Saw Blade Guide Pressure

Depending on the saw model, blade guides may not touch the blade, or may apply a constant light pressure to it. October 1, 2010

How tight should the guides be to the blade? If the guides are too close, will that create too much friction with the blade?

Forum Responses
(Sawing and Drying Forum)
From contributor S:
If you have guides that have ball bearings, then they contact the blade. In that case the blade should be deflected past the contact point about 1/8 to 1/4 inch. Your manufacturer may have a requirement for you to follow.

Some saws have ball bearing guides on the top and friction guide bearings on the bottom. In that case the ball bearing guides deflect the blade and the friction ones do not touch.

From Professor Gene Wengert, forum technical advisor:
Generally speaking, guides are to prevent catastrophic blade deviation. They would not touch the blade during "no cutting" time or when cutting wood at a normal speed. A guide touching the blade will have friction and thereby generate heat, which can really be an issue for most blades, shortening life and making inaccurate (wavy) cuts. Attempts have been made to develop frictionless guides... Pretty tough assignment indeed.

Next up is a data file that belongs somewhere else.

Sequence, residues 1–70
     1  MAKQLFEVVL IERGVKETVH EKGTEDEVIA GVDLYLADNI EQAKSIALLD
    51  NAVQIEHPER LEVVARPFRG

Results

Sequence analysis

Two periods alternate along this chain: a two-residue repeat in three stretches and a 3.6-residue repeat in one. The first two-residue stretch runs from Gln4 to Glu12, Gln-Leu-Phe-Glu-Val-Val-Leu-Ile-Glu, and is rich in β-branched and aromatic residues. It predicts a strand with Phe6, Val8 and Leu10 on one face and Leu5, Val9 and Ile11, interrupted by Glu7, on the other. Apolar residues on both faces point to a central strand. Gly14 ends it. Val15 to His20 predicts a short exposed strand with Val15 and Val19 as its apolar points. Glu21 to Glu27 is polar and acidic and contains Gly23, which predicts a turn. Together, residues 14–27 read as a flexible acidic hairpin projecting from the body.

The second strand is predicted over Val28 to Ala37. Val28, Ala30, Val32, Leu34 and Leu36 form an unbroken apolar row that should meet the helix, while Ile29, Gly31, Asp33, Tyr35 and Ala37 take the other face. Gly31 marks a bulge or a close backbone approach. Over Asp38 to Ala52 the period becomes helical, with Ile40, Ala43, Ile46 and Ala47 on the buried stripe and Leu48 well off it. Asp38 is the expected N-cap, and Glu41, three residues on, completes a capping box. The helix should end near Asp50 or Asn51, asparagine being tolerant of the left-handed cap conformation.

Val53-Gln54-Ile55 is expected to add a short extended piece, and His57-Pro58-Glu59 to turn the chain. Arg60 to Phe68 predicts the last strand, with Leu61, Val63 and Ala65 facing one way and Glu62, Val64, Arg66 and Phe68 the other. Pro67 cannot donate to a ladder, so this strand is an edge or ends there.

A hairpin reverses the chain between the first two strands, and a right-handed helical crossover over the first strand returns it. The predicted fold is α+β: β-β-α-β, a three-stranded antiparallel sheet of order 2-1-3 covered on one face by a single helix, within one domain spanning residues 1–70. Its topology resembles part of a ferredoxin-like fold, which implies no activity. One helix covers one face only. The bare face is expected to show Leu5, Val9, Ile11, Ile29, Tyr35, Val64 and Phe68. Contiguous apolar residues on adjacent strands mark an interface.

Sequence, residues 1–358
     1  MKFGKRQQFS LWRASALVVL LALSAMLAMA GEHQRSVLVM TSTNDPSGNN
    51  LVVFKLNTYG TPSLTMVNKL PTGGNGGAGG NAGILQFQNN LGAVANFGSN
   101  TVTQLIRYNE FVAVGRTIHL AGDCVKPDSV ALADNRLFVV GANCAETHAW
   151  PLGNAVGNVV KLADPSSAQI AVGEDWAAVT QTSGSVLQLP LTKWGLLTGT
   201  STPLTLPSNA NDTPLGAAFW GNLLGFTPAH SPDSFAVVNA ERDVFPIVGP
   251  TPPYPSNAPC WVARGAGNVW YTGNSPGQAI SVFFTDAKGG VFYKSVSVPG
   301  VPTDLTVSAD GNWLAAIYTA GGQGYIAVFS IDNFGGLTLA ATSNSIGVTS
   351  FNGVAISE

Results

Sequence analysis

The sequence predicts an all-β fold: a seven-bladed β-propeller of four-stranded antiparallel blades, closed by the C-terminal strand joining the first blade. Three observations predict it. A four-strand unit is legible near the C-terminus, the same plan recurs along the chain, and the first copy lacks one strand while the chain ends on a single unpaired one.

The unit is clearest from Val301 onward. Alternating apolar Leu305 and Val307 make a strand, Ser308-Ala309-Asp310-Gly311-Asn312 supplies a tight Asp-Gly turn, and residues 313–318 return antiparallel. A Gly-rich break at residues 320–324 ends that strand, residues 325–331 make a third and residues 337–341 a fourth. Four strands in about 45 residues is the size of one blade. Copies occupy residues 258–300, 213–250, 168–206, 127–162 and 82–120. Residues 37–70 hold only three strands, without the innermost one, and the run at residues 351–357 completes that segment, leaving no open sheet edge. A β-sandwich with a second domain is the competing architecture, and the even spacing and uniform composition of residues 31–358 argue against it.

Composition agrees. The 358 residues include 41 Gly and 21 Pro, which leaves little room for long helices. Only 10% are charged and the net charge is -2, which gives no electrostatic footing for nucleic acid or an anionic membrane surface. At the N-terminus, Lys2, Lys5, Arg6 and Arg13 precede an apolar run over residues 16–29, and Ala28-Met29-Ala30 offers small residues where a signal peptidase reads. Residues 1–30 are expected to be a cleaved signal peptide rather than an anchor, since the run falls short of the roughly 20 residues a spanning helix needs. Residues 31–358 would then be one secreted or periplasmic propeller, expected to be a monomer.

From contributor A:
On big mills with 12" wide blades, the guides might not touch the blades very much, but small sawmills using 1 1/2" wide or 1 1/4" blades need some down pressure to keep them cutting properly. I run about 3/16" down pressure on mine. Your mill and the blades you are running might require a different setup.

Here's a portion of the blade setup article at Cook's Saw and Machine website, which talks about down pressure:

"First you need to put your blade on and tension it up. Now make sure that the rollers are off of the blade. Then start on the stationary guide side. Bring that roller down to the blade. Once it touches, push the roller down another 1/4 of an inch. This is called down pressure. If you have everything running right, you might be able to run with just 1/8 inch down pressure.

To begin with, I like the 1/4" because it guarantees that I am able to control the blade. Some people like even as much as 3/8" down pressure."

From Professor Gene Wengert, forum technical advisor:
That is correct, and I should have added, as we get guides that are nearly frictionless, we can use the guide to steer the blade and also tension the blade. Such guides are in constant contact with the blade.